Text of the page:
Since my calculations were based on the erroneous information included in the first release, they too were in error. The correct statistics, based on this new information, are as follows: The Democratic sample represented 17% of Iowa adults, the Republican sample represented 13% of Iowa adults.

 

Comments
bob:

When is the next Iowa poll due out?

____________________

james:

I think there's a typo in this statement: "that 58.6% of these said they would attend the Democratic caucus and 41.4% would attend the Democratic caucus."

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rssrai:

I think the University of Iowa put in the wrong numbers for their August polling:


University of Iowa News Release




Aug. 9, 2007

UI Poll: Edwards' Caucus Lead Disappears, Richardson Gains Traction

The race for the Democratic presidential nomination is tightening in Iowa as support for John Edwards and Hillary Clinton erodes somewhat and Bill Richardson gains traction among Democrats likely to caucus, according to a new University of Iowa poll released today.

"Democratic caucus goers appear to be splitting nearly evenly between Edwards, Clinton and Obama. Clinton now has an edge, though both she and Edwards have lost ground," said David Redlawsk (right), director of the poll and associate professor of political science in the UI College of Liberal Arts and Sciences. "Edwards' longstanding lead among Iowa Caucus goers appears to have disappeared; however, Edwards is still clearly seen as the most electable of the Democrats. Richardson is coming on strong but will be hindered by the perception that he's much less electable than any of the top three."

These results are from a random, statewide poll of registered voters in Iowa conducted July 29 through Aug. 5. Two groups were interviewed: a random sample of 907 registered voters and a sample of 787 people planning to attend the caucus. The margin of error is +/- 3.25 percent for the full registered voter sample and +/- 3.5 percent for the full caucus sample.

Note: These results focus on the Democrats. For details on Republicans, and for the overall standings of candidates from both parties, see http://news-releases.uiowa.edu/2007/august/080807poll-results-republican.html. Topline results and methodology are also available at http://www.uiowa.edu/election/, along with full results of the March poll for comparison.

Statewide Registered Democratic Voters; 2008 General Election

Of the 907 respondents in the statewide registered voter sample, 469 respondents self-identified as Democrats. The margin of error of the subsample is +/- 4.6 percent. These voters were asked: "If the 2008 Presidential election were today, who would you vote for?" Any candidate could be named; candidate names were not provided. Among all registered Democratic voters (not just those planning to caucus), changes since the UI's March poll are relatively small in most cases.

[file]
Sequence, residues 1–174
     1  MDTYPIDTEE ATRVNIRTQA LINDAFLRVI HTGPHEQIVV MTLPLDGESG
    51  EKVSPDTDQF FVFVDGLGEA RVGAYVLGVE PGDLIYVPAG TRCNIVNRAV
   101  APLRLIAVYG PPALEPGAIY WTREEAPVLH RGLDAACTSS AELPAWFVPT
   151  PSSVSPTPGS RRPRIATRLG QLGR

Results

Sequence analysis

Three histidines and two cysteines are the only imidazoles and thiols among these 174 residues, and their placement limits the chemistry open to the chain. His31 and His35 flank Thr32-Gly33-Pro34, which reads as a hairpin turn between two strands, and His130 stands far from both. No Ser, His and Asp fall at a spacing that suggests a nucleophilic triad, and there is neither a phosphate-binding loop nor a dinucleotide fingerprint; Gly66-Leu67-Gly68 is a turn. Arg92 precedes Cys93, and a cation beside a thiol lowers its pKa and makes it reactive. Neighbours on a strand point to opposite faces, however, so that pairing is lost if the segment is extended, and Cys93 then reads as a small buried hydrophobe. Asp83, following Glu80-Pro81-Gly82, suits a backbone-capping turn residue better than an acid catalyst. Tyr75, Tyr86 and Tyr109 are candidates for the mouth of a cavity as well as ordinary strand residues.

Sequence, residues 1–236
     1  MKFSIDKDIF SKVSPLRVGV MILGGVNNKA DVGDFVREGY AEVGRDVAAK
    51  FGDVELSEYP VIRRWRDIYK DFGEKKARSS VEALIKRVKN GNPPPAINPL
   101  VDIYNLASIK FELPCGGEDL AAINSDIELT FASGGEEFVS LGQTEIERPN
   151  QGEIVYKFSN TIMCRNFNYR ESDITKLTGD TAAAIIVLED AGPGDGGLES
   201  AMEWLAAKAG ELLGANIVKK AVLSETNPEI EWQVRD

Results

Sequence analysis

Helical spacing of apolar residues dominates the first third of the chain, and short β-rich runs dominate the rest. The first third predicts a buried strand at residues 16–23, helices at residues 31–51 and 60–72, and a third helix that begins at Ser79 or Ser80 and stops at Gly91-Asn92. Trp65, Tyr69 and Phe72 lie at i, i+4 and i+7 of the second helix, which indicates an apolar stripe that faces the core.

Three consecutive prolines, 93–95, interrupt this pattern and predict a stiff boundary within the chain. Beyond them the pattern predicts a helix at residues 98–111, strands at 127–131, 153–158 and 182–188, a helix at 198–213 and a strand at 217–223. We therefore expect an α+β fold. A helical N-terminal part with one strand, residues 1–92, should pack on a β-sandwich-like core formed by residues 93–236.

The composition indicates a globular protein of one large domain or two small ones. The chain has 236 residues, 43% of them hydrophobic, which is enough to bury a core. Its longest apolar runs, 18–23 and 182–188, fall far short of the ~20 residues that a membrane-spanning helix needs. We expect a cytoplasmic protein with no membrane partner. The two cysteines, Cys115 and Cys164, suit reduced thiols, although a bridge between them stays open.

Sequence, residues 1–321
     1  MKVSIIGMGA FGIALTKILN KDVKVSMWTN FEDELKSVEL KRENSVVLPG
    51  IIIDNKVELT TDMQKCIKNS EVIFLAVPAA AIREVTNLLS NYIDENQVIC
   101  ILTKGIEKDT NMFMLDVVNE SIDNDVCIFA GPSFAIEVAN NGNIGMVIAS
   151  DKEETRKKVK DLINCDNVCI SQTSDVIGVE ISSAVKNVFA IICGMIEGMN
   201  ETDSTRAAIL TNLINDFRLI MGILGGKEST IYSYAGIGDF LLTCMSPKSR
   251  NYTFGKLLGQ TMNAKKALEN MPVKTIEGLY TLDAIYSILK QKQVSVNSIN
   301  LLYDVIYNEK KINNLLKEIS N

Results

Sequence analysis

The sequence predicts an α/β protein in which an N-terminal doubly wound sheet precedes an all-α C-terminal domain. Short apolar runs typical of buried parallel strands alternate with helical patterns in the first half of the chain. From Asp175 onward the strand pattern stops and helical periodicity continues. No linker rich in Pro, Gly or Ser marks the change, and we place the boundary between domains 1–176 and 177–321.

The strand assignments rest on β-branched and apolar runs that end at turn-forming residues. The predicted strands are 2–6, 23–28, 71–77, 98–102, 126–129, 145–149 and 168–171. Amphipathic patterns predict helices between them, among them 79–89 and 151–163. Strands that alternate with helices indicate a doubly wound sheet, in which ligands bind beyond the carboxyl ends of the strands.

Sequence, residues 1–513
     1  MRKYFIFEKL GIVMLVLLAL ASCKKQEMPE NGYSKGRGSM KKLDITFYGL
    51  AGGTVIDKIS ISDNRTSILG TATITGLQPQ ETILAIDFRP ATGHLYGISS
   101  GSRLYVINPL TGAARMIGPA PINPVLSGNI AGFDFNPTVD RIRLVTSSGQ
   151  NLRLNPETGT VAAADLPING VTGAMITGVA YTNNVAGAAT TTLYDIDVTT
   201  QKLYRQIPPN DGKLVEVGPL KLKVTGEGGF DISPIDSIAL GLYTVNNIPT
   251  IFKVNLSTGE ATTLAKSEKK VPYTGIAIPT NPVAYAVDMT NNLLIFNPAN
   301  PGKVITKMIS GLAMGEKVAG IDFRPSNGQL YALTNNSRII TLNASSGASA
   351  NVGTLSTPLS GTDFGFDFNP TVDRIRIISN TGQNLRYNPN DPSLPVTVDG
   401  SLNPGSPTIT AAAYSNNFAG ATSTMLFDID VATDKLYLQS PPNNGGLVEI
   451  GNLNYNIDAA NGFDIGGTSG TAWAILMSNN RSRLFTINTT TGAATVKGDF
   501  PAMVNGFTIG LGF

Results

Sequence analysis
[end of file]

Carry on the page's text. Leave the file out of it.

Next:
Sen. Clinton, D-N.Y., remains on top with 30 percent, up 4.5 percent.

Sen. Obama, D-Ill., follows with 20.4 percent support, up 3.7 percent.

Former Sen. Edwards, D-N.C., sits at 16.1 percent, down 7.1 percent.


Someone needs to tell them abut it.

____________________

Nick Panagakis:


As Mark explained, �likely voters� in this sample greatly exceeds past Iowa caucus participation. Here is one reason why.

Methods statement: �Respondents were asked whether they were very likely, somewhat likely, not very likely, or not at all likely to attend their party�s caucus in 2008. Responses of �not at all likely� were screened out of the sample. Remaining respondents were further asked which party�s caucus they would attend. Those unable to name which party were also screened out of the sample.�

The above means that even voters who are �not very likely� to vote were included in the sample as long as they could name which party�s caucus they are �not very likely� to attend.

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Nick Panagakis:

[Posting this again without punctuation for better readabilty.]

As Mark explained, likely voters in this sample greatly exceeds past Iowa caucus participation. Here is one reason why.

Methods statement: Respondents were asked whether they were very likely, somewhat likely, not very likely, or not at all likely to attend their party caucus in 2008. Responses of not at all likely were screened out of the sample. Remaining respondents were further asked which party caucus they would attend. Those unable to name which party were also screened out of the sample.

The above means that even voters who are not very likely to vote were included in the sample as long as they could name which party caucus they are not very likely to attend.